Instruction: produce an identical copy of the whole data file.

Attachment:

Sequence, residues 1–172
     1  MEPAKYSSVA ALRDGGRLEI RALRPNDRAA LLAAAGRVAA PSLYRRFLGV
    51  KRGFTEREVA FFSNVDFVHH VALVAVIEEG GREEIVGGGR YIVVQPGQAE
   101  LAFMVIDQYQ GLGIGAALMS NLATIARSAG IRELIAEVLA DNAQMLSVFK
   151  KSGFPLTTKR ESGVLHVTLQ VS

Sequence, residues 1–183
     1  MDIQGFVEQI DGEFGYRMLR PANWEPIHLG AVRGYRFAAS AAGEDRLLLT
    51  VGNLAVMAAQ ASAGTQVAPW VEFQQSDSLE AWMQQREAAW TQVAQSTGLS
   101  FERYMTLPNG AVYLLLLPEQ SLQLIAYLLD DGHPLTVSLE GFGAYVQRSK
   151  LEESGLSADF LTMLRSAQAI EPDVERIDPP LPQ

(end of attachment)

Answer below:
Sequence, residues 1–172
     1  MEPAKYSSVA ALRDGGRLEI RALRPNDRAA LLAAAGRVAA PSLYRRFLGV
    51  KRGFTEREVA FFSNVDFVHH VALVAVIEEG GREEIVGGGR YIVVQPGQAE
   101  LAFMVIDQYQ GLGIGAALMS NLATIARSAG IRELIAEVLA DNAQMLSVFK
   151  KSGFPLTTKR ESGVLHVTLQ VS

Sequence, residues 1–183
     1  MDIQGFVEQI DGEFGYRMLR PANWEPIHLG AVRGYRFAAS AAGEDRLLLT
    51  VGNLAVMAAQ ASAGTQVAPW VEFQQSDSLE AWMQQREAAW TQVAQSTGLS
   101  FERYMTLPNG AVYLLLLPEQ SLQLIAYLLD DGHPLTVSLE GFGAYVQRSK
   151  LEESGLSADF LTMLRSAQAI EPDVERIDPP LPQ